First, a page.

Below is a quick response to Martin’s blog piece he tweeted to me in the week, which makes some valid points about changes to the Women’s County Championships. Have a read if you fancy it and want some context.
Firstly before I go into my thoughts on it, I just wanted to say it is great to have more people putting time and energy into the women’s game, and it is exactly why I love the internet. Also this is why I love having a blog myself, because a 140 character twitter response is not quite enough! So keep it coming Martin!
Anyway my thoughts are this:
I personally would LOVE to see all teams play home and away and extend to 16 matches from a cricket fan’s perspective. However in reality there are a number of underlying factors that I believe effect the possibility of this happening for sometime.
Firstly the majority of the women who play in the county champs will be working in full time employment or full-time studying, and commitment to 16 games plus all the training, travel and preparation time will be challenging and potentially off putting for a number of players.
I know in my prime days (the good old young years when you had the energy 🙂 ) I committed to every training session, every game and anything that could be thrown at you. But in reality once real life pressures hit, it becomes difficult to maintain around other pressures and for me personally that is one of the issues that pushed me to retire from all cricket and only play the occasional friendly.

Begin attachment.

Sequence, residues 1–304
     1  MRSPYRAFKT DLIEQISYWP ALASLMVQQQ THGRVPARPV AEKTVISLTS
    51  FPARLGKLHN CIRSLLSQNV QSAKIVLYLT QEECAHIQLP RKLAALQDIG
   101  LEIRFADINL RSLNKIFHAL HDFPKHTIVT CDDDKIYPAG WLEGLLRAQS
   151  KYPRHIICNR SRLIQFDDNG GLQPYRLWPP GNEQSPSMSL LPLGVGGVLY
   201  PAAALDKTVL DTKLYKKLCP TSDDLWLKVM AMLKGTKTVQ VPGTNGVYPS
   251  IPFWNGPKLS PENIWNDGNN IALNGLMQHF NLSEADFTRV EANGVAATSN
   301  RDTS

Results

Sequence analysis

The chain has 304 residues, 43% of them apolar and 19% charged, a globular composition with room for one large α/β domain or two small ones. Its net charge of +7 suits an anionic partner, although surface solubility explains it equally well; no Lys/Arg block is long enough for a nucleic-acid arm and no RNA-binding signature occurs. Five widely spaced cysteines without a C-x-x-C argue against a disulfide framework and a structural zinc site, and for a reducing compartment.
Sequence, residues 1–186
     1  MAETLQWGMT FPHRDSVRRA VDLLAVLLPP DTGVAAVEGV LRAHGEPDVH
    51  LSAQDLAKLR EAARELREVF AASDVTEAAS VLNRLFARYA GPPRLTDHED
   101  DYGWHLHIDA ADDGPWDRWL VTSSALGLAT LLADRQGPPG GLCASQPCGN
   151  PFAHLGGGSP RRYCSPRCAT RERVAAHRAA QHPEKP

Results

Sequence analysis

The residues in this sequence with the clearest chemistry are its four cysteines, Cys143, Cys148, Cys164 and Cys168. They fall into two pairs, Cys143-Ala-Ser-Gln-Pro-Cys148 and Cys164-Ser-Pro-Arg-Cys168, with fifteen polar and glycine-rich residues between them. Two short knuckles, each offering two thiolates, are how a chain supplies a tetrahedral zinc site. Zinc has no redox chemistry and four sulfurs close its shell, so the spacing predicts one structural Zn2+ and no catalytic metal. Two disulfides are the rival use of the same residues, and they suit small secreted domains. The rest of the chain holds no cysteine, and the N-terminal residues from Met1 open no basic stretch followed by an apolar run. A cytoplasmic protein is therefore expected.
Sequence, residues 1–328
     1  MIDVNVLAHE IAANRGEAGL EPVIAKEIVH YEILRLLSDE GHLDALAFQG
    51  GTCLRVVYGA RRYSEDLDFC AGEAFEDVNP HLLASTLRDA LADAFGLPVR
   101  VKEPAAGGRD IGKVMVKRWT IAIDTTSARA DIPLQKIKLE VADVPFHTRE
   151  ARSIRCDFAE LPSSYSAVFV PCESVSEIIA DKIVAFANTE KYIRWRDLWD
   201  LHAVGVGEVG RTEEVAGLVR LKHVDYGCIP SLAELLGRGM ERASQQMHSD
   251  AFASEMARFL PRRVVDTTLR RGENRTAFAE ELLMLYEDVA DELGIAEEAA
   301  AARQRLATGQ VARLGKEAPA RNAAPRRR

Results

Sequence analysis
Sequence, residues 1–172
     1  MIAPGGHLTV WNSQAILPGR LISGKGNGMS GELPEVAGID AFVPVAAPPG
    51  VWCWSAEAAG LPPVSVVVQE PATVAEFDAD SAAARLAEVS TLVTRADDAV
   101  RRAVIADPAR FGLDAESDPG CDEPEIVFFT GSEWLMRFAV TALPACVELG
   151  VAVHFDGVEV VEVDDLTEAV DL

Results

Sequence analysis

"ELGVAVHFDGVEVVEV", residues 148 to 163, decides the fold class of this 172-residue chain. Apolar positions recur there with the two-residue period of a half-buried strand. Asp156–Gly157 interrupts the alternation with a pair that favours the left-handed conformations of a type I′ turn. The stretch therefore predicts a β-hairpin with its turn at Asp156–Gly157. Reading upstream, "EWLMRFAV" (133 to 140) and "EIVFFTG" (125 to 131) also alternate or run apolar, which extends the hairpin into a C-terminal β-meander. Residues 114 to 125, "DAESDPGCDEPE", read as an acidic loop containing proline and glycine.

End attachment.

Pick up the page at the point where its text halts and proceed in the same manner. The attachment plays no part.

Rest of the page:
As much as we might love the women’s county structure to closer mirror the men’s, it is unlikely for a long time as the equivalent male in the county structure would be a full time paid cricket professional, which is a world away from the average female cricketer. Admittedly the players on the international circuit will have more support to make these commitments, however the majority of the players who play, cricket is their hobby and passion and therefore make commitments over, above and beyond to make the teams work.
You have to remember behind the potential 16 games would include additional training weekends, weekly training sessions, more physio and nights away. The costs would impact on the individual through petrol costs etc and for the team in terms of coaching, accommodation, ground hire etc. I agree in an ideal world, we should just find the money as you say, but finance and budgets come into everything.
I think the ECB have done a great job trying to balance the many factors. When I first started playing and I am sure many would remember the women’s county championship took place in 5 days. So everyone would book their holiday, head up to Cambridge, and that was that. There was no championship spread throughout the summer.
As much as I loved that format, (partly because the night out at the end of the tournament was always the best night out of the year 🙂 ) for the cricket, the current structure is a lot more sustainable. It is still right that the county games break for the international structure, however as the game grows, this may change.